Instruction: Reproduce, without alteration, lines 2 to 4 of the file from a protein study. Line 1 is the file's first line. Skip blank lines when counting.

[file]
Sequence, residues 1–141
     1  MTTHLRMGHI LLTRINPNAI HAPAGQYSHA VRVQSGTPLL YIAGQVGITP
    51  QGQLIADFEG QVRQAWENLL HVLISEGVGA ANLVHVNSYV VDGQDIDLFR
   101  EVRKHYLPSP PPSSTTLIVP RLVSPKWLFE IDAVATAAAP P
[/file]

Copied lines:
     1  MTTHLRMGHI LLTRINPNAI HAPAGQYSHA VRVQSGTPLL YIAGQVGITP
    51  QGQLIADFEG QVRQAWENLL HVLISEGVGA ANLVHVNSYV VDGQDIDLFR
   101  EVRKHYLPSP PPSSTTLIVP RLVSPKWLFE IDAVATAAAP P